Ezetimibe attacks the problem from a different angle than statins do. Ezetimibe blocks dietary cholesterol from getting into the circulatory system through the intestinal wall (Gagné, 2002). That doesn’t mean you can eat ice cream all day and remain healthy, of course. It provides a little extra help for patients following a proper diet and taking statins or other cholesterol-lowering medications who can’t reach their blood cholesterol goal.
If you’ve been prescribed ezetimibe in addition to another cholesterol-reducing medication, you may be wondering if there are additional side effects you might encounter.
Side effects of ezetimibe
Ezetimibe is generally well tolerated. Common side effects reported were (DailyMed, n.d.):
- Nasal inflammation
- Flu-like symptoms
- Upper respiratory infection
- Joint pain
- Pain in extremities (arms, legs)
The most common of these adverse effects were reported by fewer than 5% of patients in clinical trials. This number was similar to, if slightly higher than, that for patients taking a placebo (DailyMed, n.d.).
Talk to your prescriber if any of the above symptoms are extreme or don’t go away on their own in time. Follow the medical advice of a healthcare professional before abruptly stopping any medication.
The following side effects could be signs of more severe issues, such as an allergic reaction. Contact your healthcare provider immediately if you experience any of the following (MedLine Plus, 2018):
- Hives, skin rash, or itching
- Trouble breathing or swallowing
- Swelling of the face, throat, tongue, lips, eyes, hands, feet, ankles, or lower legs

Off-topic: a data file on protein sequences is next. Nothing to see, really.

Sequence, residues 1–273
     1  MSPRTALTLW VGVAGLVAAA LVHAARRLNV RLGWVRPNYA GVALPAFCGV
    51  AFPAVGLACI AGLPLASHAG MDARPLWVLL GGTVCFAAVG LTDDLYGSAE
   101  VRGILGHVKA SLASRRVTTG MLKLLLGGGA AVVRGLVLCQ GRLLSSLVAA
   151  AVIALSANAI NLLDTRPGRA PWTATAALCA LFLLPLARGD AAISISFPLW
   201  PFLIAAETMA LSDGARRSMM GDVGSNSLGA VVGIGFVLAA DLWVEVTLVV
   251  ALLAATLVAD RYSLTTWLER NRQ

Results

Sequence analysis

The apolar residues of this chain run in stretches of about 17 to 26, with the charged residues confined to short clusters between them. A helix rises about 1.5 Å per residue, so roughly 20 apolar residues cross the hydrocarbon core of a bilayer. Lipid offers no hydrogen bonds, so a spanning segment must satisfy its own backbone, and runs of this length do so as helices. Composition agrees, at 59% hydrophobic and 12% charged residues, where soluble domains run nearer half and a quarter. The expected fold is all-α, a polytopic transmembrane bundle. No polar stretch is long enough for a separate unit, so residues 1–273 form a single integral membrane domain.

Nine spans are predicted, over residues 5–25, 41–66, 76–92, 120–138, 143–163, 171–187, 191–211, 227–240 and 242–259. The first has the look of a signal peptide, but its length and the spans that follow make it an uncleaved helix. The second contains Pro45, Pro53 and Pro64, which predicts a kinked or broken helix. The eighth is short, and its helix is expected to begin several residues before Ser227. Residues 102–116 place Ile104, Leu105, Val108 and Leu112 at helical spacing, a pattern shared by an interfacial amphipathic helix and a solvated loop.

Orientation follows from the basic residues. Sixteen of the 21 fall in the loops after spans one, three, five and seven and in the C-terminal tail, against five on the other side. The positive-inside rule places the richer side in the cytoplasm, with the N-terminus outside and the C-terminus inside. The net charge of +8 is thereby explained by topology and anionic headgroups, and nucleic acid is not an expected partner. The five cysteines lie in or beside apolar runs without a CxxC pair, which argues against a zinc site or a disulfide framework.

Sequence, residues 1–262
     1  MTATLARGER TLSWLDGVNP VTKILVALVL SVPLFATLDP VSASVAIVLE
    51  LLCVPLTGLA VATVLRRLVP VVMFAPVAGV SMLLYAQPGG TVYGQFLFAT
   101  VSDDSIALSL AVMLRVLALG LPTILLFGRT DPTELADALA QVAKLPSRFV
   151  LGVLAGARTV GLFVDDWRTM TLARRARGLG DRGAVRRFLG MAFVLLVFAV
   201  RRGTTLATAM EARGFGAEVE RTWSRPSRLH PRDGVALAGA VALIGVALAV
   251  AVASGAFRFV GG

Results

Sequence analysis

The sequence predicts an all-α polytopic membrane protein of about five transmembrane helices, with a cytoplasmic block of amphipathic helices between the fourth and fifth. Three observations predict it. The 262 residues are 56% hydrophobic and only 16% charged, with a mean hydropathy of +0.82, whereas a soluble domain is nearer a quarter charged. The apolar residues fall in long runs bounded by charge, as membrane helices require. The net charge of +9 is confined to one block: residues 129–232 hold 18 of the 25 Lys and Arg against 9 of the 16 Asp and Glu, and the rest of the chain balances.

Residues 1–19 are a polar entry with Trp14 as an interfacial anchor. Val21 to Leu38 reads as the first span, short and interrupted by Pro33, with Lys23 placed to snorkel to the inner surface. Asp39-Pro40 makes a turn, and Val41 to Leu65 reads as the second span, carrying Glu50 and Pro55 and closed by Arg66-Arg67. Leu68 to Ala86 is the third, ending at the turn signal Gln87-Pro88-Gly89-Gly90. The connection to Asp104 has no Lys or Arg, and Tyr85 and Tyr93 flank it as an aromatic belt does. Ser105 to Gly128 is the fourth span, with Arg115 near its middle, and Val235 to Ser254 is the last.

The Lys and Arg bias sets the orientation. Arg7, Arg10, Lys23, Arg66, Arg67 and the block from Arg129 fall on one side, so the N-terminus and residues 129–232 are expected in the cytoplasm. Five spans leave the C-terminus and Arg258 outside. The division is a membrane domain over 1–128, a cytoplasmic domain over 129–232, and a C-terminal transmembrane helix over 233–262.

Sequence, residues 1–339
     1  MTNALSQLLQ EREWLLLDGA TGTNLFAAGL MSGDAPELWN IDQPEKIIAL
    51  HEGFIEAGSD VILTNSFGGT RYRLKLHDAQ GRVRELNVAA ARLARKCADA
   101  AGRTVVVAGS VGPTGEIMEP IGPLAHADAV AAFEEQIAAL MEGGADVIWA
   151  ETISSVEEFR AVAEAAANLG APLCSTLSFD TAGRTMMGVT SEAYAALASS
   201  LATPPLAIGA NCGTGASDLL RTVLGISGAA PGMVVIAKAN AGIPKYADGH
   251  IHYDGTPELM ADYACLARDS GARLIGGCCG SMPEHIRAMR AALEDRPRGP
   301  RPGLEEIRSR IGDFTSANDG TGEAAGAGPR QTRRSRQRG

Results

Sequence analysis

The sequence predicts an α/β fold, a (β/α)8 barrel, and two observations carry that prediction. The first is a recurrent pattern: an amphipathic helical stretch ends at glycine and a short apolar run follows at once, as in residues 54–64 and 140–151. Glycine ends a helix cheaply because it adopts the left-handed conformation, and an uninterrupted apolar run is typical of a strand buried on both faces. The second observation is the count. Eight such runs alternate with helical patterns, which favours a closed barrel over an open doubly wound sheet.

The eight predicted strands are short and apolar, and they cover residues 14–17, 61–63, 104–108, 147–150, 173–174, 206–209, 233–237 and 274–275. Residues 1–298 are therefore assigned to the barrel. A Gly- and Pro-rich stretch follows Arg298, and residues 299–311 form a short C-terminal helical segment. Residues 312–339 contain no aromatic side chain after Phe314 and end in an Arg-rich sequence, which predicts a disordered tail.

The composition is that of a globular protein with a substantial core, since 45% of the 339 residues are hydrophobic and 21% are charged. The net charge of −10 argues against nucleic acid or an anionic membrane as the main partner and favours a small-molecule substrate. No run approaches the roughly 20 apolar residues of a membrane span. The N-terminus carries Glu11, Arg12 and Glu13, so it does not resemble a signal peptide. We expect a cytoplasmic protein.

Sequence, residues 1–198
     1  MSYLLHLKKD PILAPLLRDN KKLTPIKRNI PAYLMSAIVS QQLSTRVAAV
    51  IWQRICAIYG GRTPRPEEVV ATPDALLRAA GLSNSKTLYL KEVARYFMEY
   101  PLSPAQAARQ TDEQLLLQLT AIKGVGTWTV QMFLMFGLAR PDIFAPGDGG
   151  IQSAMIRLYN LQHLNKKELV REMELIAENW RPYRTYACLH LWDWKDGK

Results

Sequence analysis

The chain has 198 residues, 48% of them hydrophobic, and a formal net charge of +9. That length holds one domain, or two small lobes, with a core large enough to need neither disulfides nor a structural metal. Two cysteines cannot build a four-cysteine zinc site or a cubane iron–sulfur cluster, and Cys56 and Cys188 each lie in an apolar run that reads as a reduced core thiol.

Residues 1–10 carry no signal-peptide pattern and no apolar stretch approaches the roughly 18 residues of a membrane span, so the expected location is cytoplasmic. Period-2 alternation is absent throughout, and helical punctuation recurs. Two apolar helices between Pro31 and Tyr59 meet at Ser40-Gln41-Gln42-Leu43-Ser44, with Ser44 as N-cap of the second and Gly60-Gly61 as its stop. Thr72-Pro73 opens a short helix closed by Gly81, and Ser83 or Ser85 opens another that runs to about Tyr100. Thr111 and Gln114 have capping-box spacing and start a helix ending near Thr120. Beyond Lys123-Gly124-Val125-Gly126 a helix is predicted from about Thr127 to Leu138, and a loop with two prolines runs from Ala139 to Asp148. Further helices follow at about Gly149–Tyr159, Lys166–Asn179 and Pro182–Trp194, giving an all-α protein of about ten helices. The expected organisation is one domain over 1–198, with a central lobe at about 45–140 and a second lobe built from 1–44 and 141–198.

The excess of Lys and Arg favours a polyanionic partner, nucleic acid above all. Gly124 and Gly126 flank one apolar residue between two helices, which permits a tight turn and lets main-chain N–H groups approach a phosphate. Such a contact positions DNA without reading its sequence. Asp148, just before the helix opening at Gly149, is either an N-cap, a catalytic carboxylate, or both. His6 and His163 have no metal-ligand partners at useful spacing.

- Pain in the upper right part of the stomach
- Stomach pain, abdominal pain, indigestion
- Unusual tiredness, fatigue
- Unusual bleeding or bruising
- Loss of appetite
- Yellowing of the skin or eyes
- Flu-like symptoms
- Unexplained muscle pain or weakness
- Pale or fatty stools
- Chest pain
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Statins and muscle pain
Myalgia and myositis, different muscle pain types, can be side effects of statins. Statin-related myopathies are dose-dependent—the higher the dose, the higher the odds. They are rare, with an estimated 0.1% to 0.2% of patients taking statins alone experiencing them (Tomlinson, 2005).
Those experiencing it most often report pain in the shoulders, hips, and knees. Abdominal muscle and lower back pain are less common but not unheard of. These can be signs or precursors of rhabdomyolysis, a very serious condition in which muscles break down. If left untreated, rhabdomyolysis can lead to kidney failure or cardiac arrest.
The likelihood of myopathies also increases when statins are combined with certain other medications, especially fibrates (Ballantyne, 2003). Studies have suggested that supplementing statins with ezetimibe does not increase this risk above statins alone (Kashani, 2008).